Teaching Tip - No Mercy

One the best ways to create chaos in a classroom is to beg for help from the students. If you arrive wholly unprepared to handle your duties as a teacher, the worst thing you can do is plead with your class. You’ll find that many students will respond to this at first and give you a temporary reprieve from their off-task behavior, but soon you’ll find yourself at the head of a class that is totally out of control. Not all students try to take advantage of their teachers. Some legitimately want to learn. It’s the teacher’s job to control the students that disrupt class and try to get through to them with the value of the knowledge you are trying to impart, but at least you have to control disruptive students so that the ones there to learn can have a chance to.

When you appeal for mercy at the hands of your students, the disruptive students will see that you’re weak and can be taken advantage of. They will continue to disrupt class and prevent the students there to learn from being able to do so. While it’s wrong to treat the classroom like a prison yard, you can’t show weakness so readily in a classroom either.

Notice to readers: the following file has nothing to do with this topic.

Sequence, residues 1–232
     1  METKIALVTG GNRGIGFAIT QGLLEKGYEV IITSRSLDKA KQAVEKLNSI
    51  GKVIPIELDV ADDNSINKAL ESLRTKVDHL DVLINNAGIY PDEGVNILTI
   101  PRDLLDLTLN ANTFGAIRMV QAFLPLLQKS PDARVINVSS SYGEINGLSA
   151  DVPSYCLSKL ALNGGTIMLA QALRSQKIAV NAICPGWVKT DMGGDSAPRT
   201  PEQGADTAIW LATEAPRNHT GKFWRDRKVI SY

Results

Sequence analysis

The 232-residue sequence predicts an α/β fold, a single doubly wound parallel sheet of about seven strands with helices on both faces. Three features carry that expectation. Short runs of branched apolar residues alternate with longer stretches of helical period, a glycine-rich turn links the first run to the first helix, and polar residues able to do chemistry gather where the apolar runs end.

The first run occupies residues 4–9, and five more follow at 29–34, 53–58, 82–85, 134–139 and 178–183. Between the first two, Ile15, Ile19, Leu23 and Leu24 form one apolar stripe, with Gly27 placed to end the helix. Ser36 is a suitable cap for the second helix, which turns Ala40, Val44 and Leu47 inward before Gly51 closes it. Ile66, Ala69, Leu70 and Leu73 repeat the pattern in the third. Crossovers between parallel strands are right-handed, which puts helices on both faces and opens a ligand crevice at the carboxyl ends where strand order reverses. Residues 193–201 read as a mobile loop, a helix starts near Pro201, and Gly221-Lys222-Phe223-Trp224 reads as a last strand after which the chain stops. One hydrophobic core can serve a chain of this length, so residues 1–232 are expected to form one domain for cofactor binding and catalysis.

Daniel Behan of McQuaid Jesuit Middle School has helped many teachers handle their classrooms the right way over his twenty-five years as a high school and middle school teacher. He knows never to appeal for mercy and can take control of his classroom upon walking in.

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